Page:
demonstrate. This data can then be used for planning whole class and differentiated learning
experiences for children, according to their needs as demonstrated through the assessment
process.
© Talking Literacy, Department for Education and Child Development, South Australia, 2012
4
The PASM can be used to screen all children in a class. This is highly recommended for use with
children in their Reception year. For children in Year 1 and above, the PASM can be used
selectively, for children considered at risk.
Decreasing number of learners
The Preschool Year: Formal assessment or not?
Phonological awareness skills in the preschool year are still in their formative stages. A
preschool curriculum that is inclusive of embedding phonological awareness in play based
activities is highly recommended. This approach focuses on heightening children’s awareness
of the sound properties of words, while they are engaged in meaningful play based learning.
The question of assessment is a debatable one. Do children’s phonological awareness skills
need to be formally assessed at this point? Some sites opt for this process because it is a quick
and easy method for obtaining data on all children. Educators then use the data to inform
planning at the site and child level. Other sites find that different assessments are a priority and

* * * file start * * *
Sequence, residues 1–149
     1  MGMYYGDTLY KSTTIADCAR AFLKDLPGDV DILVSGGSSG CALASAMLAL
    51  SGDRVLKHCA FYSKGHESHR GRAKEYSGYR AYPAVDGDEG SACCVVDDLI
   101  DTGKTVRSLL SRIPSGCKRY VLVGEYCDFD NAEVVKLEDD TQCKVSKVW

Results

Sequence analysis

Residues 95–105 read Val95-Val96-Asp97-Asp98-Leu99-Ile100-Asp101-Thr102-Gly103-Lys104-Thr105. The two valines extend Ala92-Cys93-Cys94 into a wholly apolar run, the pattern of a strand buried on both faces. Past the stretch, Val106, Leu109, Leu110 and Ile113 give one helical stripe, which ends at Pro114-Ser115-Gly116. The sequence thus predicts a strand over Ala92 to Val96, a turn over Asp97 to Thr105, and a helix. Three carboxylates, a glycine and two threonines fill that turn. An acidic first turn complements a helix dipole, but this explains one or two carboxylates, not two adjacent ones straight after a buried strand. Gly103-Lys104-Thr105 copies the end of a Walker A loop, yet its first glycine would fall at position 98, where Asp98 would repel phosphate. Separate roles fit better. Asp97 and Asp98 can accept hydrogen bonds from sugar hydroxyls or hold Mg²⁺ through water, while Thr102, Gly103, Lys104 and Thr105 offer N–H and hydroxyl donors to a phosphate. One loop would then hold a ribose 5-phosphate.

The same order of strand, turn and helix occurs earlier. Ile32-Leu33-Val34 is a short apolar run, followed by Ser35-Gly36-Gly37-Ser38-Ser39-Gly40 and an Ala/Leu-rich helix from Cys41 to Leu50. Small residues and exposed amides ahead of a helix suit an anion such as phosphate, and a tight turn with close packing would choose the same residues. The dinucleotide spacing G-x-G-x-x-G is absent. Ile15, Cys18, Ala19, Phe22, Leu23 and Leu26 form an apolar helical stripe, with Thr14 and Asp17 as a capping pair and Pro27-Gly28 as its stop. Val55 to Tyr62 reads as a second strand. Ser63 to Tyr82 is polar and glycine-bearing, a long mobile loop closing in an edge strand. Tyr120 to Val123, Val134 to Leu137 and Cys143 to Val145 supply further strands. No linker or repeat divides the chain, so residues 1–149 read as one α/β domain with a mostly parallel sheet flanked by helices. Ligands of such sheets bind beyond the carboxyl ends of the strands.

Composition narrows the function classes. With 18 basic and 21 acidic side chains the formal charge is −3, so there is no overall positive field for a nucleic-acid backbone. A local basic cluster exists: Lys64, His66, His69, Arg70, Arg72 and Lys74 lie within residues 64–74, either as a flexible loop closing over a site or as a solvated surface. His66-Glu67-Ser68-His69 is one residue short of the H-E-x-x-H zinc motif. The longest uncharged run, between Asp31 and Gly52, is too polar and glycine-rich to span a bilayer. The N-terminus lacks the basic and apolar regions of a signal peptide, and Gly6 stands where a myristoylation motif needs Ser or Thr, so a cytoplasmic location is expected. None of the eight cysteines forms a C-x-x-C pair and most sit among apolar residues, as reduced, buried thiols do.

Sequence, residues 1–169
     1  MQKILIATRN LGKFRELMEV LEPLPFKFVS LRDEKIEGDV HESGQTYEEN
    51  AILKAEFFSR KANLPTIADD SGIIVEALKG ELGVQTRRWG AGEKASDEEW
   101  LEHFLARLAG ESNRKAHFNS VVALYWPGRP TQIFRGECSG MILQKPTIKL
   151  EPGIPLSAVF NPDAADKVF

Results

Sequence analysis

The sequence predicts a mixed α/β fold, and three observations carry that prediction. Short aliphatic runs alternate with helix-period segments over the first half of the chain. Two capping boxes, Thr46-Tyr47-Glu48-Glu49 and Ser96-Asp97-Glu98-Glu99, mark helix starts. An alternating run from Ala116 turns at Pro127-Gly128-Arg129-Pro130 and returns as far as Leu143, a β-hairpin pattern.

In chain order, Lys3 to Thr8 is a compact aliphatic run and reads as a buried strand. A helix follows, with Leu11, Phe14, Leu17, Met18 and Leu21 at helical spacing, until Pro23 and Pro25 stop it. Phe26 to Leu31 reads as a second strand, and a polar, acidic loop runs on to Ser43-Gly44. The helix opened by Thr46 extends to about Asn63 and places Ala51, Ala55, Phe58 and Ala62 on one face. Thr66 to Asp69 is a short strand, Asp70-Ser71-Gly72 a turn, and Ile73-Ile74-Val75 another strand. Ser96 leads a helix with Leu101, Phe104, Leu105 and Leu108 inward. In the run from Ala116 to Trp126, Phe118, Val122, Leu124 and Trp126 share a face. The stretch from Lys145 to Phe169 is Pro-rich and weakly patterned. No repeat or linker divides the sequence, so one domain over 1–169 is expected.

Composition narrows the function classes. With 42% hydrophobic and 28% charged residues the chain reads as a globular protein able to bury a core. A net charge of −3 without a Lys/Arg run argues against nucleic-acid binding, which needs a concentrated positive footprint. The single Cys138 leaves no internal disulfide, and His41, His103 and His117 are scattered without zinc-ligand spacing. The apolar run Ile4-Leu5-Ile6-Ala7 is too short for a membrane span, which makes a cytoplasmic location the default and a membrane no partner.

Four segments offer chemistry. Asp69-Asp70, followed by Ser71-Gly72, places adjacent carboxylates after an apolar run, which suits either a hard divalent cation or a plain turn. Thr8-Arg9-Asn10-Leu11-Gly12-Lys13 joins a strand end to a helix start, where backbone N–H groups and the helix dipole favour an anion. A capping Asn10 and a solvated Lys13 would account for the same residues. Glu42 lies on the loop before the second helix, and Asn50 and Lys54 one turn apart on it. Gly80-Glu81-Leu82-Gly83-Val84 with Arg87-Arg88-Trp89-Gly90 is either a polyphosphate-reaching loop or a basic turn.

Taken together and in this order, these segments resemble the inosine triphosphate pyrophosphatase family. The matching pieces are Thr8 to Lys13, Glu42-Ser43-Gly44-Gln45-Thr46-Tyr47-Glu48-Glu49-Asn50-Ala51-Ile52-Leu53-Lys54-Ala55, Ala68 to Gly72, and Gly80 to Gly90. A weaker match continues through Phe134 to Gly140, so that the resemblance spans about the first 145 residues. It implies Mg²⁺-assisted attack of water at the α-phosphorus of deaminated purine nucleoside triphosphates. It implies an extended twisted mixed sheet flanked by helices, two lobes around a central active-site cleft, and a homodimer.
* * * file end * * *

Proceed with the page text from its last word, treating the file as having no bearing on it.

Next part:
they gain enough information by scoping the skills of a few children in their centre. This scopes
the skill level in the current group of children and provides educators with enough information
for centre programming, without taxing educator and children’s time for the assessment
process. Post assessments in both scenarios can be done to track improvement.
Some educators prefer to make observations about children’s phonological awareness skills
rather than engage in formal assessment. These observations may occur across different play
contexts and then this data is used for planning. Essentially there is no right or wrong answer to
this question and it is up to individual educators to decide what best suits their context.
© Talking Literacy, Department for Education and Child Development, South Australia, 2012
5
Administration
Administration of the PASM is best done in a 1:1 situation, preferably a quiet room as extra noise
can impact on children’s listening skills and your ability to hear their responses.